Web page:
Bullpen once again pillar of strength

Wilson, Betances and Miller wiggle out of jams, secure win

Bullpen once again pillar of strength

BOSTON -- As Nathan Eovaldi's pitch count continued to climb through the first few innings of Sunday's game against the Red Sox, it became apparent that the Yankees' bullpen would play a pivotal role in the series finale.

Tossing four innings, the New York bullpen remained calm under pressure, helping preserve an 8-6 win over the Red Sox to claim a series victory heading into the All-Star break.

After Eovaldi went five innings, allowing three runs on seven hits, four relievers allowed one earned run on five hits.

"Depth is important. It's always nice to have because of rest or options, whatever it might be. I think we like our chances seven-deep," Yankees closer Andrew Miller said. "We've got a good group. Even the moving parts we've had, the guys that come up and get sent down, we're seeing them have electric arms one after another. We certainly feel like we're a valuable part of this team."

Adam Warren ran into trouble in the sixth, allowing a leadoff double to Hanley Ramirez and then an RBI single to Shane Victorino. However, Justin Wilson came in and cleaned up the mess, allowing just two hits over the next 1 1/3 innings.

Wilson escapes a jam

While Dellin Betances and Miller have received most of the attention at the back end, Yankees manager Joe Girardi mentioned before Sunday's game that he's been impressed by the success of the middle relievers.

"Another outstanding job. He had to work hard for it," Girardi said of Wilson. "The guys put some tough at-bats on him and he did another outstanding job."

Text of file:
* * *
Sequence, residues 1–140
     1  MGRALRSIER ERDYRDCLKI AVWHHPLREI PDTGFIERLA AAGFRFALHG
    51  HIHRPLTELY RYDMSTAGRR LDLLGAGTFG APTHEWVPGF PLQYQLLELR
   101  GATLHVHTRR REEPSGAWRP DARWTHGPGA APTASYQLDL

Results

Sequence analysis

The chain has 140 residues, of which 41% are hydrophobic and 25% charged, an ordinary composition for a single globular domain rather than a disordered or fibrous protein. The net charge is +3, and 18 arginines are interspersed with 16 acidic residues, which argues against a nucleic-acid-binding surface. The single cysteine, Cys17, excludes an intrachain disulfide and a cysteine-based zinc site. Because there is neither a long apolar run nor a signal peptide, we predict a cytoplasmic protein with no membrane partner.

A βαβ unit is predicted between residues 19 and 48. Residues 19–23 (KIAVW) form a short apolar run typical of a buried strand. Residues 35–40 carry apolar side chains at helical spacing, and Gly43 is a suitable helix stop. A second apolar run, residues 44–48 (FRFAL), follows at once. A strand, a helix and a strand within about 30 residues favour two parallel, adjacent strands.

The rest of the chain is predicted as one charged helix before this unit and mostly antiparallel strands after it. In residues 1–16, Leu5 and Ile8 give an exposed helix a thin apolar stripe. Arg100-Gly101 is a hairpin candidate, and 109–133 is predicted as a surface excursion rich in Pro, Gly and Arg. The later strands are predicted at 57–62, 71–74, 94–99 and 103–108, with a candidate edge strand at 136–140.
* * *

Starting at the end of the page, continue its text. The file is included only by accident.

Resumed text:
Betances, who will head to Cincinnati for his second straight All-Star Game, had no time to relax when he took the hill with two outs in the seventh and the hot-hitting Ramirez at the plate. Yet, that didn't bother the right-hander, who struck out Ramirez on three pitches.

Relying on his curveball to keep the Red Sox hitters off balance, Betances also pitched the eighth, allowing a single and a walk, before handing the ball off to Miller for the ninth with a four-run lead.

The lanky left-hander walked the leadoff hitter and then struck out Xander Bogaerts, before back-to-back throwing errors by Brian McCann and Miller brought the potential winning run to the plate.

New York's closer remained unfazed by the mistake, retiring the final two Red Sox hitters to secure a win.

"Winning a series against them is always a huge thing. We played pretty good all around baseball until I came in and threw balls into the outfield," Miller said. "But it's one of those things. I think we're happy with a series win, for sure."

Quinn Roberts is a reporter for MLB.com. This story was not subject to the approval of Major League Baseball or its clubs.